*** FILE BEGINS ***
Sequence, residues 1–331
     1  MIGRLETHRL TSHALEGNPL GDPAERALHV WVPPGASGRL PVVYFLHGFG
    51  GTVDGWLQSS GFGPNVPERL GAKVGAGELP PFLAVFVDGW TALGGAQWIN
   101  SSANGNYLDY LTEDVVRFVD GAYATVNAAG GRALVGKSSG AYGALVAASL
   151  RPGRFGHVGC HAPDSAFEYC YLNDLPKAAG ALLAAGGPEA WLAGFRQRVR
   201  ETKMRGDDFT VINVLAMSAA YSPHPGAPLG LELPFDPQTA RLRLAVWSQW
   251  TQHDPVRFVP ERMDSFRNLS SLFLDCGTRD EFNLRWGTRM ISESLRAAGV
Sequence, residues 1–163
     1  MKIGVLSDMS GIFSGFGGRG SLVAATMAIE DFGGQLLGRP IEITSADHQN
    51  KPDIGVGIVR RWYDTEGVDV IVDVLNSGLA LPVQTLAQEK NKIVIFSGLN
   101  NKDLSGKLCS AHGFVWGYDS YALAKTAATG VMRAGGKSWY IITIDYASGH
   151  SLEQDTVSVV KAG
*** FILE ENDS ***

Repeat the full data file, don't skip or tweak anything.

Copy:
Sequence, residues 1–331
     1  MIGRLETHRL TSHALEGNPL GDPAERALHV WVPPGASGRL PVVYFLHGFG
    51  GTVDGWLQSS GFGPNVPERL GAKVGAGELP PFLAVFVDGW TALGGAQWIN
   101  SSANGNYLDY LTEDVVRFVD GAYATVNAAG GRALVGKSSG AYGALVAASL
   151  RPGRFGHVGC HAPDSAFEYC YLNDLPKAAG ALLAAGGPEA WLAGFRQRVR
   201  ETKMRGDDFT VINVLAMSAA YSPHPGAPLG LELPFDPQTA RLRLAVWSQW
   251  TQHDPVRFVP ERMDSFRNLS SLFLDCGTRD EFNLRWGTRM ISESLRAAGV
Sequence, residues 1–163
     1  MKIGVLSDMS GIFSGFGGRG SLVAATMAIE DFGGQLLGRP IEITSADHQN
    51  KPDIGVGIVR RWYDTEGVDV IVDVLNSGLA LPVQTLAQEK NKIVIFSGLN
   101  NKDLSGKLCS AHGFVWGYDS YALAKTAATG VMRAGGKSWY IITIDYASGH
   151  SLEQDTVSVV KAG